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First genome editing on blood vessel walls

Researchers have developed a unique nanoparticle to deliver genome editing technology to endothelial cells. This is the first time that vascular endothelial cells have been reached for genome editing.

The vascular endothelium

The vascular endothelium is a monolayer of endothelial cells that lines the luminal surface of blood vessels. It plays an important role in vascular homeostasis, helps maintain an anti-thrombotic and anti-inflammatory state and controls the underlying vascular smooth muscle cells. Endothelial cells can also mediate a host of biological functions, including endocytosis and metabolism. They are also involved in organ regeneration and repair as they are activated under adverse conditions. Endothelial dysfunction is involved in many diseases including cardiovascular diseases, sepsis, acute respiratory distress syndrome and COVID-19 respiratory distress.

CRISPR-Cas9 technology holds great promise for treating human disease. The recombinant adeno-associated virus (AAV) is typically used as a delivery system for such technology with good in vivo genome editing efficacy. However, this vector is capable of triggering high immune response and has a low packaging size. As a result, attention has turned to the use of nonviral vectors. Lipid nanoparticles in particular have garnered attention having previously obtained efficient genome editing in the liver. Nonetheless, this delivery system remains a challenge for other organs, and the ability to induce robust genome editing of the vascular endothelium has been difficult.

A vascular delivery system

In a recent study, published in Cell Reports, researchers reported the development of a powerful new delivery system for genome editing in vascular endothelial cells. More specifically, they developed poly(ethylene glycol) methyl ether-block-poly(lactide-co-glycolide) (PEG-b-PLGA) copolymer-based nanoparticles formulated with polyethyleneimine.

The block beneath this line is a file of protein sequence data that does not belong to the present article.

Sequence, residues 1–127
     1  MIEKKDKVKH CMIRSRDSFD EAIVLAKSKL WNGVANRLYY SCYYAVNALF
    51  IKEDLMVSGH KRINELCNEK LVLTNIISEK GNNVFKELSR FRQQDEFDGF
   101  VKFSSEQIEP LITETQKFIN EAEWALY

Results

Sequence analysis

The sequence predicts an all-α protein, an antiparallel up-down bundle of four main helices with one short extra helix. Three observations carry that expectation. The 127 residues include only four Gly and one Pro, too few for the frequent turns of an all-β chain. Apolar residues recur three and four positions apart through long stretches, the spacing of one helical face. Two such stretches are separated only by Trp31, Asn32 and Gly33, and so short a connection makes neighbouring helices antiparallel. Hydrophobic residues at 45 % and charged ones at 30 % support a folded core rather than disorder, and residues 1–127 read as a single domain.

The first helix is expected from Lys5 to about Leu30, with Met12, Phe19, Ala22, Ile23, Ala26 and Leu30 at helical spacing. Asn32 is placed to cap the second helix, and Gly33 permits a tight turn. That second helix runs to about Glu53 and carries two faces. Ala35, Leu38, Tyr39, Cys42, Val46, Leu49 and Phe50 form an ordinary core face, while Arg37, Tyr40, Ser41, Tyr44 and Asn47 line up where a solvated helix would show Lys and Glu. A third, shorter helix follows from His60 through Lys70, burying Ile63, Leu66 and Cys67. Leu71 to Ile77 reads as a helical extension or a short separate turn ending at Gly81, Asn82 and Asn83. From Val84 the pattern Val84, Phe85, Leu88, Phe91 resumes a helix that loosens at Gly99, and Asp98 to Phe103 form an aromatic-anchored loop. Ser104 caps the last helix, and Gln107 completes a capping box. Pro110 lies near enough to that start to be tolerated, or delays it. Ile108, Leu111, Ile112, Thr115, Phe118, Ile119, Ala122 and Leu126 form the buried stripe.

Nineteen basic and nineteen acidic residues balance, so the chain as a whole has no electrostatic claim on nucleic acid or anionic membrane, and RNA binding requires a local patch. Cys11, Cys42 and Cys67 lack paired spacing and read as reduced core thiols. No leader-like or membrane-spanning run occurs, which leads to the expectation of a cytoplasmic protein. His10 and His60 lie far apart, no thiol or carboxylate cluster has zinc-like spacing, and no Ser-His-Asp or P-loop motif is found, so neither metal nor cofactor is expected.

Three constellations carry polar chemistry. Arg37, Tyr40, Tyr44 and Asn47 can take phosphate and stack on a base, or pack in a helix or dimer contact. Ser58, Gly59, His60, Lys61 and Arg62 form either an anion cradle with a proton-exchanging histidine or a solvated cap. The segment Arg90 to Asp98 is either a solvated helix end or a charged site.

The team found that a single administration of the nanoparticle carrying CRISPR/Cas9 plasmid DNA resulted in highly efficient genome editing in vascular endothelial cells. This included in the lung, heart, aorta and peripheral vessels of adult mice.

To investigate this further, they performed western blotting and immunofluorescent staining where they demonstrated an ~80% decrease of protein expression selectively in endothelial cells. This resulted in a phenotype mimicking that of genetic knockout mice.

In addition, the researchers also observed that nanoparticle delivery of plasmid DNA could induce genome editing of at least two genes or introduce genome editing and transgene expression in endothelial cells simultaneously.

Altogether, this study demonstrates that nanoparticle delivery of CRISPR/Cas9 is a powerful tool to rapidly and efficiently alter expression of genes in vascular endothelium. This holds promise for cardiovascular research by not only facilitating investigations into molecular mechanisms underpinning the disease but by also advancing treatment.   

Senior author, Youyang Zhao, expressed:

“With this nanoparticle we can introduce genes to inhibit vascular injury and/or promote vascular repair, correct gene mutations and turn genes on or off to restore normal function. It also allows us to edit multiple genes at the same time. This is an important advance for treating any disease caused by endothelial dysfunction.”

Image credit: canva

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Blood / CRISPR / Genome Editing